After a whole year of looking forward to summer, it can be a bit anticlimactic when it actually arrives.
We build up a whole bunch of expectations about what summer will be like and all the things we will do. When it arrives, we feel pressure to make the absolute most of summer- leading to disappointment when it does not go that way.
“Is it this it?”
Summer is a time for milestone events- weddings, graduations, the start of new jobs and perhaps the beginning of major life decisions.
Movies romanticize summer romances, and it’s nto uncommon to feel left behind if our own experience is a different one. Even if we are content with life, seeing and attending multiple milestone events can lead to comparisons- sometimes we can’t help it.
How To Cope With Summertime Sadness
Summertime depression or low moods can be an isoalting experience. It’s important to recognize if this is your experience and get help- believe us, you are not alone 💛
Sometimes trying to wait out summertime depression can lead to those symptoms not quite resolving by the fall/winter- which has it’s own set of seasonal low moods.
Here are a few things you can do to prevent this.
Protect Your Time And Energy
Do you feel obligated to attend events, or perhaps even host them? Making yourself stressed and anxious to keep up with a busy and expensive social schedule can be draining.
Try and focus on the events and activites that make you feel fulfilled.
If you know that you tend to feel sad in the summer, it’s a great idea to set up your coping strategies in advance.
Take control of your summer and think about what would genuinely make things easier for you. How will you plan your vacation days? Which events are you going to say yes to? What activities can you plan for the kids so you have some time to relax as well?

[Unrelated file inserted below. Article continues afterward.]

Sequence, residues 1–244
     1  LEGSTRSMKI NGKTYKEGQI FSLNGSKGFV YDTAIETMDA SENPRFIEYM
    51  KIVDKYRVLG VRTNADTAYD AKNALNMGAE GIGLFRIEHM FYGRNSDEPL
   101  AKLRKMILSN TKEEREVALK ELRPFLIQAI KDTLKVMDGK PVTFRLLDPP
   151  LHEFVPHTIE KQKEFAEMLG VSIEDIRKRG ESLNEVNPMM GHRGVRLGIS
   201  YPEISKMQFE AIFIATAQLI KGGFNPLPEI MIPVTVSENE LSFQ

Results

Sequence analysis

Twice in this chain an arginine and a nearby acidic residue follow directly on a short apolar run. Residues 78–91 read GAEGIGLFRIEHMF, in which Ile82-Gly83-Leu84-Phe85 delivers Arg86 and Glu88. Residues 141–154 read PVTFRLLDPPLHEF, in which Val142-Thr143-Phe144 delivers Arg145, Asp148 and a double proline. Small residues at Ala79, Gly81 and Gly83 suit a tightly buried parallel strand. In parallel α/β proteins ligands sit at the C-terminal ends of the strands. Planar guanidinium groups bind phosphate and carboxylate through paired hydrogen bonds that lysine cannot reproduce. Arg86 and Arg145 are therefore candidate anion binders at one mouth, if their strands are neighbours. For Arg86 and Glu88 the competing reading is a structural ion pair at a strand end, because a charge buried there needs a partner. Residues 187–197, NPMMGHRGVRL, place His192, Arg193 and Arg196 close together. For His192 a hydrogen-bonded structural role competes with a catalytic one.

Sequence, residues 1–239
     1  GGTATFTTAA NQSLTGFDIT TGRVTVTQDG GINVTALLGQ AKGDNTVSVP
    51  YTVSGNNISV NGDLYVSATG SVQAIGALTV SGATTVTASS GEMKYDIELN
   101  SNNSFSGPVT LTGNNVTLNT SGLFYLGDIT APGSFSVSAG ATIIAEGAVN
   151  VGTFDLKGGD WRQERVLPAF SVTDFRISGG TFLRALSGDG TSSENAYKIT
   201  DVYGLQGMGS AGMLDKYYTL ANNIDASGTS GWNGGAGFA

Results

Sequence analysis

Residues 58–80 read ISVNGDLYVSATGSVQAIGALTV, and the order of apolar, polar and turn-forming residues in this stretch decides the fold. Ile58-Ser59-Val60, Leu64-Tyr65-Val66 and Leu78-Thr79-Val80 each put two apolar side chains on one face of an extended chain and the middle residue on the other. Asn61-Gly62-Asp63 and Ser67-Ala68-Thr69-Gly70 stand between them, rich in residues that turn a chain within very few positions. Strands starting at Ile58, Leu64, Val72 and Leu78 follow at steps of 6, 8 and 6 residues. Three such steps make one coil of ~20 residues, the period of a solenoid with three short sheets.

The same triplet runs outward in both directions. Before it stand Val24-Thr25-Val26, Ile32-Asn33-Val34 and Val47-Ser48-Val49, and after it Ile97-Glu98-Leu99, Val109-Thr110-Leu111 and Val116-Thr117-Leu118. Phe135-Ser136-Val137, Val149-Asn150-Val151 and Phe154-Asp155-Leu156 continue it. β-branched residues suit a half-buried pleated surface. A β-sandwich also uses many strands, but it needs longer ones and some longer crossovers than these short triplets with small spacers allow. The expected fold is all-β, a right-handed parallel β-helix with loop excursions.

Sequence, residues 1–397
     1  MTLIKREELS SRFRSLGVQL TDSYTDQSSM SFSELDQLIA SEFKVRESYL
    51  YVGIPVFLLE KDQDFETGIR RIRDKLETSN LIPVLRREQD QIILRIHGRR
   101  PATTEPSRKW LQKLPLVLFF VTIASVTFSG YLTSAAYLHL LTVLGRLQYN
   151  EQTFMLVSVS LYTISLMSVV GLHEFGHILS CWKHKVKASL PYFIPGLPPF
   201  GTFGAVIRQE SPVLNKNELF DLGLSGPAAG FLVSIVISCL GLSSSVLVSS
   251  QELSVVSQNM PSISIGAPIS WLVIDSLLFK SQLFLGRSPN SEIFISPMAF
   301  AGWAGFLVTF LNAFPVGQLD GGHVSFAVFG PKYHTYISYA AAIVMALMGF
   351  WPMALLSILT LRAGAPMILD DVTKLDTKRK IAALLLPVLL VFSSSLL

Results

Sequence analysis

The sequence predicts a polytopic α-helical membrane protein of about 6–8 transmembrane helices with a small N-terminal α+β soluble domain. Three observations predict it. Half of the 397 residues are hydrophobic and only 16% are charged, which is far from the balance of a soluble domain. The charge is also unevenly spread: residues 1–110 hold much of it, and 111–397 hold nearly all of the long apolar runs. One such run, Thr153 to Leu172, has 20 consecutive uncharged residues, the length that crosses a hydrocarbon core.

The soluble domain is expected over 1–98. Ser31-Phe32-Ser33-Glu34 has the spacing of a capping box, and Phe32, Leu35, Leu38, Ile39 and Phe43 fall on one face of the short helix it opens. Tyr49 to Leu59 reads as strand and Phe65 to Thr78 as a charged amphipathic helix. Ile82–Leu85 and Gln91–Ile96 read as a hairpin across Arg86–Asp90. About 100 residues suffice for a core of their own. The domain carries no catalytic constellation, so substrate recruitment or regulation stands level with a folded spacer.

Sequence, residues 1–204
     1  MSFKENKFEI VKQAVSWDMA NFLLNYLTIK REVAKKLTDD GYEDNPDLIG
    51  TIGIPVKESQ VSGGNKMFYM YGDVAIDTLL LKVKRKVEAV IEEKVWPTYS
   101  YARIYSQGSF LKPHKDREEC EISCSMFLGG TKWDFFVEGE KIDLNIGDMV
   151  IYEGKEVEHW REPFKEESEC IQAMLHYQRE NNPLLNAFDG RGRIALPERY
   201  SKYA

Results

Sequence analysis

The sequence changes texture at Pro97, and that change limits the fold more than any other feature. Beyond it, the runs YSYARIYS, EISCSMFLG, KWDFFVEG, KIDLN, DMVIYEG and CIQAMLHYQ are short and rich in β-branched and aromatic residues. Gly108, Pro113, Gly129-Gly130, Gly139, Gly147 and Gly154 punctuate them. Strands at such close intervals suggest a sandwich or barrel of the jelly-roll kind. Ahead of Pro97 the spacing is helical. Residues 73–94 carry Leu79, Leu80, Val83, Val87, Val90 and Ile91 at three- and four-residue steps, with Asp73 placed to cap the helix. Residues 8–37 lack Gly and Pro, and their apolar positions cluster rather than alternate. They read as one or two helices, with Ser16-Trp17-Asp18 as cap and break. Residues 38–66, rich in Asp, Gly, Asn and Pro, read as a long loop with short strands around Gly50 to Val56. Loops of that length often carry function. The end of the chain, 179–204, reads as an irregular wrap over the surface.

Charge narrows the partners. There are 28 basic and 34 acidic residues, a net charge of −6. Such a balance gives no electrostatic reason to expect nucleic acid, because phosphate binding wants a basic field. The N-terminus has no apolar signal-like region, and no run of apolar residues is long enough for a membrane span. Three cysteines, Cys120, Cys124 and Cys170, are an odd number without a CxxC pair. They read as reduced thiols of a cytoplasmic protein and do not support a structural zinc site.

Perhaps you want to begin seeking out a therapist early, or make s doctors appointment to adjust medications, in anticipation of a dip in moods.
Be Kind To Your Body
Overdoing it on dieting and working out to obtain a ‘summer body’ you are satisfied with will more than likely make you feel more stresssed and anxious than ever.
It’s important to be kind to your body and eat well, maintain movement througout the day and most impotantly, do what feels right for you.
Limit Social Media Use
If you are susceptible to feeling left out or ‘behind’ scrolling through social media, set some boundaries around your social media use.
It also helps to engage more, rather than passively scroll or watch stories. Sharing our lives can help us feel like we are a part of something.
Summer can be energizing, hazy, lazy, relaxing, or busy. We often put pressure on ourselves to have ‘the best summer ever’. If you experience low moods in the summer, it can disheartening to see everyone enjoying themselves while you cope with feeling sad.
If this is you- take heart, because there is beauty in every season if life. We build up the potential of these 3-4 months (if you live in Southern Ontario) perhaps to an unreasonable level.
Take care of your mental health, avoid the activities and events that make you feel diminished, and remember, seasons change. It’s the nature of life, and our nature too- summer time sadness will not last forever.
I want to hear from you- what gets you through difficult summers?
Until next time!
Sarah Ahmed is the co-founder and a psychotherapist at WellNest Psychotherapy Services. Sarah strongly favors an integrative, trauma-informed, client-centered approach to create a healthy alliance with clients and their loved ones.